Over the past few years, I have been thinking a lot about simplifying my lifestyle. After discussing simplifying our life with my wife by downsizing our possessions over the past year, she was finally on board with the plan to reduce our typical American hoard. By hoard, I am not referring to the type you see on those reality TV shows, but we had boxes of dishes, shelves of books, and other odds and ends we have not touched stored in our basement, garage, and closets. We had kids’ toys that they no longer play with that we had put off going through and pieces of furniture we do not have a use for. I am unsure whether our oldest, turning 18 in October, finally awakened us, but we have been actively working on decluttering. Freeing yourself of clutter you no longer need is exhilarating and encourages you to look for other clutter in your life.
I mentioned in an earlier post that I do not hold onto a lot of old technology, I used to keep everything, but at some point, I saw the piles of laptops, computer cases, and boxes of cables and asked myself, why are you keeping all this? I recall moving into our home in 2006, my wife and I were both in our 30s when we met, so both of us already had accumulated a lot of stuff, and that move was a lot of work. We did not use movers; we moved everything ourselves with some help from some friends. We will be moving again when the kids have all moved on to college, and neither one of us love the area we currently live in, nor do we love the house. We chose our current home because we needed the bedrooms, the price was right, and the school district was good. The bedrooms and the school district will be no use to us in another six years. Neither one of us want to move boxes of books and rooms of furniture next time. So we are giving away what we can and disposing of that which we cannot find a taker.
The simplifying was not just relegated to physical stuff; I wanted to simplify my entire life and worry about minor things. I have simplified this website by going static, worrying less, and maintaining. Text works, no database, no underlying programming language to deprecate and break some feature. I have downsized the footprint of the applications that used to exist on my phone. I got rid of all those games I never played and random applications that some article or person told me I needed to try that were probably spying on my personal information anyway. I reduced my phone to the essentials that I needed.
I have always been a neat freak about the emails coming into my mailbox; if I can eliminate the email by getting myself off an email list by unsubscribing, I do that. If I cannot rid myself of an unwanted regular email, I flag the email as spam, and it goes off to the junk folder. I delete any old accounts on websites or services I no longer use; going through the emails you receive is a great way to identify these accounts that you should clean up. Forums and many other websites send you birthday emails. Sometimes that is the only time you may hear from these websites. It is a great way to identify these old accounts that might expose your email and other personal details, like your birthday, to scammers.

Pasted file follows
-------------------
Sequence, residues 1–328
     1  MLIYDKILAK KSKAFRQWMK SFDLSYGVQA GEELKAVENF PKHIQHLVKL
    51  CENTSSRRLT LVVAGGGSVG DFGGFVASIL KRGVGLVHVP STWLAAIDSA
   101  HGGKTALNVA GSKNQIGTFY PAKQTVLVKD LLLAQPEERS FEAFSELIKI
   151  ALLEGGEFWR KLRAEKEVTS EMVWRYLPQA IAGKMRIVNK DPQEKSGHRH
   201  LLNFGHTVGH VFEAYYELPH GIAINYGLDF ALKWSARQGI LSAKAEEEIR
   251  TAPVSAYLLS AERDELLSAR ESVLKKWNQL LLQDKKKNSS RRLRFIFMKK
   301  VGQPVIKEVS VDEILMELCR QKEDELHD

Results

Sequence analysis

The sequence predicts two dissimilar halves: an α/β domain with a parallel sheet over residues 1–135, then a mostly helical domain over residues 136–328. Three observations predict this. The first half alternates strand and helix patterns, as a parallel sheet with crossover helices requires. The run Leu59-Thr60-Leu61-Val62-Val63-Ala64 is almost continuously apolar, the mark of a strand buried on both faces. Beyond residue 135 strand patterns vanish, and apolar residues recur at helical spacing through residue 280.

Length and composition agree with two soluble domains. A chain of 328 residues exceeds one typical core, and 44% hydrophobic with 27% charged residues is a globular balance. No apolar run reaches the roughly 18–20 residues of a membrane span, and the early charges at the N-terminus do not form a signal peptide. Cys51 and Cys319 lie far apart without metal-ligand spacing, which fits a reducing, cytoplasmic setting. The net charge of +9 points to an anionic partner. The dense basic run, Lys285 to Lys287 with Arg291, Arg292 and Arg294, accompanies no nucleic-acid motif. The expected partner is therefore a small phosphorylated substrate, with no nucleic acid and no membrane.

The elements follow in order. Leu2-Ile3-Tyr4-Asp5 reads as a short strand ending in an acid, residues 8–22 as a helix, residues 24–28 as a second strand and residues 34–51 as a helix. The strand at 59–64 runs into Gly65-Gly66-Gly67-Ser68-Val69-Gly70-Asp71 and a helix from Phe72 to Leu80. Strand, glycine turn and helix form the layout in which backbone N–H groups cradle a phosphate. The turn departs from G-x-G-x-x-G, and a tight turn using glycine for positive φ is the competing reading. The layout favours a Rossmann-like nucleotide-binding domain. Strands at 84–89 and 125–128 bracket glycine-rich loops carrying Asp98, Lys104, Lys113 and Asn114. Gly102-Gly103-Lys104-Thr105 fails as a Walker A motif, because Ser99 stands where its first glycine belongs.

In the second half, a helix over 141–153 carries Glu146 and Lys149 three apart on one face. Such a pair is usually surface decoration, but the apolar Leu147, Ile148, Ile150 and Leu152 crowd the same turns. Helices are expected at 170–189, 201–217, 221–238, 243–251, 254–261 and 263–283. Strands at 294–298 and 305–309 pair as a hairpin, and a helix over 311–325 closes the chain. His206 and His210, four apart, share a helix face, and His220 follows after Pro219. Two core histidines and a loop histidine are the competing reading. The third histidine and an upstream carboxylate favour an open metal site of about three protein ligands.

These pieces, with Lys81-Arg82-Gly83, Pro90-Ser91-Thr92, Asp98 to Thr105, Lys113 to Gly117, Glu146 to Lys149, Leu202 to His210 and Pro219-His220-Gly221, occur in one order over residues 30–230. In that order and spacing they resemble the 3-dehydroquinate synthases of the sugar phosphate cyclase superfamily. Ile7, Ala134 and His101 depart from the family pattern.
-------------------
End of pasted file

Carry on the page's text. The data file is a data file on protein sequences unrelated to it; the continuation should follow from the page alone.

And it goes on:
I consume most of my news via RSS feeds. It would be best to use feeds to keep up with websites you like to read because RSS simplifies keeping up with what you care about. I do not sweat it if I fall behind reading all the articles coming through via RSS feeds; that is the key; reading news or sites you enjoy should not be a chore. I often go a few days without browsing through my RSS reader headlines. If I do not have time to go through the headlines looking for something interesting, you know what I do? I mark them read, and I move on with my day.
Social media has been a thorn in my side since its inception. I was an early adopter of Facebook; then I deleted my account, then I was shamed by distant family about not knowing what my kids were doing. Right or wrong, I signed back up, but I limit my use to sharing the kid’s activities and accomplishments with family. I have thought a lot about Facebook over the years, and I have gotten the most negligible value from it than any other social platform. I am actively planning a disappearance from Facebook someday, perhaps just as I am about to sell my current home.
I also cut back drastically on Twitter, which I enjoyed at one time. Not so much anymore; it can easily be a worthless time waster. I find more value from Twitter than Facebook provides; I get news, customer service interaction, and a laugh or two. I still feel that daily life is greatly simplified by signing off social media. Find a real conversation; it is much more rewarding.
Reading books is an area where I think quality over quantity is a far better plan. Instead of having a good conversation, exercising, or spending time with my family, I would hide away reading a book to pump up some metrics. I set a goal a few years ago to read 52 books in a year. I was two months into this challenge and regularly turned down lunch invites with co-workers and friends so I could read. I finally asked myself what I was doing; real socialization is so important to a healthy life. Was I getting any value from this goal that exceeded a possible lifelong friendship? People tend to use the number of books they read to value-signal their intelligence; reading isn't a competition. Reading is firstly a hobby, and secondly, an opportunity to build upon the ideas of those who came before you.
I once vacationed with a person who joined us with a stack of books. At some point in the week, they never left their bedroom because they had fallen behind on their book quota for the week. We were at a beautiful beach house with a pool and lots of great activities to take part in, including perhaps reading on the beach. Be careful with reading goals; they can complicate your life and cause you to miss out on the important stuff.